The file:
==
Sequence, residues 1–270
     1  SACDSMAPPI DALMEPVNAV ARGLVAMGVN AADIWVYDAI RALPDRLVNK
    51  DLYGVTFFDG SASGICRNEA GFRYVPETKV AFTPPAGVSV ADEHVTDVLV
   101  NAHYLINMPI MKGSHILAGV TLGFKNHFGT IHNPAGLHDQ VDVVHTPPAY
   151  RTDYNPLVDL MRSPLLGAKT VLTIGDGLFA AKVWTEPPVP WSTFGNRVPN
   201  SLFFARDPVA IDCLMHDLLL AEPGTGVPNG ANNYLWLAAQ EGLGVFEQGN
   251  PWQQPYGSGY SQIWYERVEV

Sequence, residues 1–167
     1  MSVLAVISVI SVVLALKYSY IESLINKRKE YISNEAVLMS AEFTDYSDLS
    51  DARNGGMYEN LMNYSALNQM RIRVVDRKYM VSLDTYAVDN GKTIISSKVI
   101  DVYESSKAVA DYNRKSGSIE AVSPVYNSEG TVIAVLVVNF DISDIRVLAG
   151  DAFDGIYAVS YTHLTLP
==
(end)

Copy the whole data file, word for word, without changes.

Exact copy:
Sequence, residues 1–270
     1  SACDSMAPPI DALMEPVNAV ARGLVAMGVN AADIWVYDAI RALPDRLVNK
    51  DLYGVTFFDG SASGICRNEA GFRYVPETKV AFTPPAGVSV ADEHVTDVLV
   101  NAHYLINMPI MKGSHILAGV TLGFKNHFGT IHNPAGLHDQ VDVVHTPPAY
   151  RTDYNPLVDL MRSPLLGAKT VLTIGDGLFA AKVWTEPPVP WSTFGNRVPN
   201  SLFFARDPVA IDCLMHDLLL AEPGTGVPNG ANNYLWLAAQ EGLGVFEQGN
   251  PWQQPYGSGY SQIWYERVEV

Sequence, residues 1–167
     1  MSVLAVISVI SVVLALKYSY IESLINKRKE YISNEAVLMS AEFTDYSDLS
    51  DARNGGMYEN LMNYSALNQM RIRVVDRKYM VSLDTYAVDN GKTIISSKVI
   101  DVYESSKAVA DYNRKSGSIE AVSPVYNSEG TVIAVLVVNF DISDIRVLAG
   151  DAFDGIYAVS YTHLTLP